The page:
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Consider this part of code:

  ShowMessage(" The log file could not be found. Check if the service is running. ");

After my message, a system message appears with the message: Cannot open file "C:\log.txt". Is there a way to not show this system message?

I'm using Delphi 2010


share|improve this question
A message of what kind? And what IDE are you using? I know from RAD Studio XE2, that it outputs all exceptions once they are raised, regardless of if they're caught or not. That's a matter of settings. It won't appear in the 'real' program. – ATaylor Aug 17 '12 at 17:19
I'm using Delphi 2010. I just edited my question. – Daniel Aug 17 '12 at 17:21
It will only show on debug mode. You can also disable it in settings. – Adam Aug 17 '12 at 17:27
That error is likely because the file you are trying to read is already opened by some other program. – user1175743 Aug 17 '12 at 21:29
@Blobby - or the file doesn't exist etc. – Gerry Coll Aug 17 '12 at 22:58
up vote 5 down vote accepted

You would like to trap that specific exception (EInOutError if I remember correctly) and let other exceptions that occurred to remain unmuted. So if you get some other exception (e.g. EOutOfMemory) if wont get "swallowed" leaving you with seemingly working but broken code.

  on E: EInOutError do

You can have many exceptions handlers in one construct. Any unhandled exceptions will continue to propagate outside of the try .. except block, until caught elsewhere (e.g. by default exception handler that shows the error box).

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There is no need for `else raise;'. Any exception that doesn't descend from EInOutError will "fall through" without it anyway. – Gerry Coll Aug 17 '12 at 22:57
@GerryColl: Thanks, fixed. – Krom Stern Aug 18 '12 at 13:44

Solve it using


on e: exception do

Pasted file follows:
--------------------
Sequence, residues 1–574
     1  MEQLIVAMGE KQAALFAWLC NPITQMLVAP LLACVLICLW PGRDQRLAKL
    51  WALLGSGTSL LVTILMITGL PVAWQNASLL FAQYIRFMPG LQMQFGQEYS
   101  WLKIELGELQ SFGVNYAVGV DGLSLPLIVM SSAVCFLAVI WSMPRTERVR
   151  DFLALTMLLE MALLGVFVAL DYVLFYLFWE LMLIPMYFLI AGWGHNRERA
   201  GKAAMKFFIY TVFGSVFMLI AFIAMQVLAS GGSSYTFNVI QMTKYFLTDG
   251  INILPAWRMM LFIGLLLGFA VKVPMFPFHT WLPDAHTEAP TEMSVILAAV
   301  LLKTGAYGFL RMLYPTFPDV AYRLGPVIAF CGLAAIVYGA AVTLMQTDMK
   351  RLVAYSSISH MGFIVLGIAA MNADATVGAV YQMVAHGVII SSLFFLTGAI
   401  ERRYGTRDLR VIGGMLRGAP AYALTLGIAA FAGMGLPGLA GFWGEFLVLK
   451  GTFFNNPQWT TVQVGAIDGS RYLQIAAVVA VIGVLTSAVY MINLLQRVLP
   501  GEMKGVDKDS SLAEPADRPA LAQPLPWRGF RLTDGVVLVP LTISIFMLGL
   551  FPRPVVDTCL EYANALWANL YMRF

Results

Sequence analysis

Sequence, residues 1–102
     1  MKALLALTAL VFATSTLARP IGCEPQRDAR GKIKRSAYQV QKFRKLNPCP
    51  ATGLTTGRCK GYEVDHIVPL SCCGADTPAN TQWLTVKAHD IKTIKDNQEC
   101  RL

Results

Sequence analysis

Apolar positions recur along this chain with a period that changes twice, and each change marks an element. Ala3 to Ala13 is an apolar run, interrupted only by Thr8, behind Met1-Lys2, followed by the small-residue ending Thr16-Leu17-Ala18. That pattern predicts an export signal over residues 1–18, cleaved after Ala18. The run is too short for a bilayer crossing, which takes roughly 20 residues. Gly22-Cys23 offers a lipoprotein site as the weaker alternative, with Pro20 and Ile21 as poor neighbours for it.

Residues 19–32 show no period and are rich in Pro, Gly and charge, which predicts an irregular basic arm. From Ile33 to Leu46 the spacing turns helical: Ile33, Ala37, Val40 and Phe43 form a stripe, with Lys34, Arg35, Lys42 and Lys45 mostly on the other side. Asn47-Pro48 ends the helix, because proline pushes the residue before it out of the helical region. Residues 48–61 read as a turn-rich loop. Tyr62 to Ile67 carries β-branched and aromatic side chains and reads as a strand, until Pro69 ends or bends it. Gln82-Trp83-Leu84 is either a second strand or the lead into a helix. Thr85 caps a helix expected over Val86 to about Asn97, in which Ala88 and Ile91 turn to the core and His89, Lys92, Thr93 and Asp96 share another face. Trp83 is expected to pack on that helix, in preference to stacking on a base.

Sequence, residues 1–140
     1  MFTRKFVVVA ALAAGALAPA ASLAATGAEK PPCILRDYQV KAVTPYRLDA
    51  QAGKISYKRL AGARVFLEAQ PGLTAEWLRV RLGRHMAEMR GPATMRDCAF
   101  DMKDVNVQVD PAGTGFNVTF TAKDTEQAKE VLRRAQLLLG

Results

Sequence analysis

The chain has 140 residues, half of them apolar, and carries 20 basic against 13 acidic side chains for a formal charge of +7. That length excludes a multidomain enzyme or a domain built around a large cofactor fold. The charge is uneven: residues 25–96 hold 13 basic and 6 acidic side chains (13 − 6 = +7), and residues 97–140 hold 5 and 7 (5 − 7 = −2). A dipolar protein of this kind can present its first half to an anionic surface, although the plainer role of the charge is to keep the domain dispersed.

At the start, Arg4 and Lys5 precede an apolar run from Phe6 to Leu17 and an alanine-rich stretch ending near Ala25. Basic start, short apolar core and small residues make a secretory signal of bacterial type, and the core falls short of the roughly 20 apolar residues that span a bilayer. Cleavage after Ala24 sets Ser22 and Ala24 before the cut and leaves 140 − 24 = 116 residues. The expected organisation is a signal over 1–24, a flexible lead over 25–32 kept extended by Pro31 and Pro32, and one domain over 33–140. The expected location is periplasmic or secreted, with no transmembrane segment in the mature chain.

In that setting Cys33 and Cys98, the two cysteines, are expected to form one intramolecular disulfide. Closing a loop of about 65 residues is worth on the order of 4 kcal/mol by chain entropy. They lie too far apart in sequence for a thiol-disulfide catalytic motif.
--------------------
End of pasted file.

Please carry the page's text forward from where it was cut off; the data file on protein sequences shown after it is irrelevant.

ShowMessage("My Message");

Instead of Try/Finally.

share|improve this answer
Had to give -1, you got the gist, but no explanation, and code is incomplete and doesn't make much sense (what is the first exception there for?) – Jerry Dodge Aug 18 '12 at 3:08
I guess he meant try .. except construct – Krom Stern Aug 18 '12 at 6:45
@Daniel If your problem was solved by an answer that someone else posted (Krom) then you should accept their answer, not post another answer with the same solution. StackOverflow expects that you accept the appropriate answer (clicking the checkmark next to it). I've also answered in more detail. – Jerry Dodge Aug 19 '12 at 2:04

There's a couple of things to point out. As other answers/comments explain, you should be wrapping your code inside of a try..except block instead of a try..finally block. I'm not understanding how your code example is supposed to work, because as it's currently written, your message will always show, whether there was an exception or not. It should look something more like...

  on E: EInOutError do begin
    ShowMessage('The log file could not be found. Check if the service is running. Message: '
      + E.Message);

That code will catch and handle I/O exceptions. You would use a different exception type instead of EInOutError to handle different types of exceptions, or the dirty way is to use on E: Exception to catch all types. You can also identify the specific error code using GetLastError and further recognize / log this error code to know exactly what's wrong (File missing, read-only, etc.), assuming that an I/O exception has occured.

Here's a good article explaining how to handle exceptions in Delphi.

The other thing to point out is when you see the exceptions. When you're in Debug mode (running application from the IDE), it will show all exceptions by default, even the ones that you don't see when your application runs on its own. You can disable this in the IDE. That article is for Delphi 2007, but I'm pretty sure it should apply for 2010 as well, because the same options are in Delphi XE2.

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Swallowing all exceptions is not good. Don't encourage it. – David Heffernan Aug 18 '12 at 7:33
@DavidHeffernan Certainly there's more to handling exceptions than just that, but for someone who appears to be a beginner, I'm just trying to keep it simple. I could have used MessageDlg instead of ShowMessage too, or re-written the entire message to make more sense, or use GetLastError and write a case statement to handle different types of I/O errors. But yes, handling specific exception types is the proper way to do it. – Jerry Dodge Aug 18 '12 at 15:07
Well, you can't use GetLastError since you don't know whether or not your are getting the error code for the most recently called API function. Krom's code is much better. – David Heffernan Aug 18 '12 at 15:10
I've modified it to emphasize this. I also realized that " was being used instead of ' for the string. – Jerry Dodge Aug 18 '12 at 15:17

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